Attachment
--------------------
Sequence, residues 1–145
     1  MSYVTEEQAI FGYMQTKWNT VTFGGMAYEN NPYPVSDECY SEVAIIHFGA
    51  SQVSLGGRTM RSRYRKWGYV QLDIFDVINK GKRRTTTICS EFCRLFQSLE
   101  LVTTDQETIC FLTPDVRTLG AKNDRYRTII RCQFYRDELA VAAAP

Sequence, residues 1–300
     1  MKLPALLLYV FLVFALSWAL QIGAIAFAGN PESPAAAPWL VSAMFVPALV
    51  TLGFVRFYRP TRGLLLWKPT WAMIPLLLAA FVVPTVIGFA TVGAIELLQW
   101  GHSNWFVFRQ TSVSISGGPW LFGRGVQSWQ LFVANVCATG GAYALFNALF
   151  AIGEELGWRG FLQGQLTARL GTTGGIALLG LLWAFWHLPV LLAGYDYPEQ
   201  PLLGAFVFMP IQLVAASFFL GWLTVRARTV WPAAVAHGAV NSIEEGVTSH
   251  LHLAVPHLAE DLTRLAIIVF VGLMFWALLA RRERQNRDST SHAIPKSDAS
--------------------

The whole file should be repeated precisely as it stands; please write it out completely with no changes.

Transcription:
Sequence, residues 1–145
     1  MSYVTEEQAI FGYMQTKWNT VTFGGMAYEN NPYPVSDECY SEVAIIHFGA
    51  SQVSLGGRTM RSRYRKWGYV QLDIFDVINK GKRRTTTICS EFCRLFQSLE
   101  LVTTDQETIC FLTPDVRTLG AKNDRYRTII RCQFYRDELA VAAAP

Sequence, residues 1–300
     1  MKLPALLLYV FLVFALSWAL QIGAIAFAGN PESPAAAPWL VSAMFVPALV
    51  TLGFVRFYRP TRGLLLWKPT WAMIPLLLAA FVVPTVIGFA TVGAIELLQW
   101  GHSNWFVFRQ TSVSISGGPW LFGRGVQSWQ LFVANVCATG GAYALFNALF
   151  AIGEELGWRG FLQGQLTARL GTTGGIALLG LLWAFWHLPV LLAGYDYPEQ
   201  PLLGAFVFMP IQLVAASFFL GWLTVRARTV WPAAVAHGAV NSIEEGVTSH
   251  LHLAVPHLAE DLTRLAIIVF VGLMFWALLA RRERQNRDST SHAIPKSDAS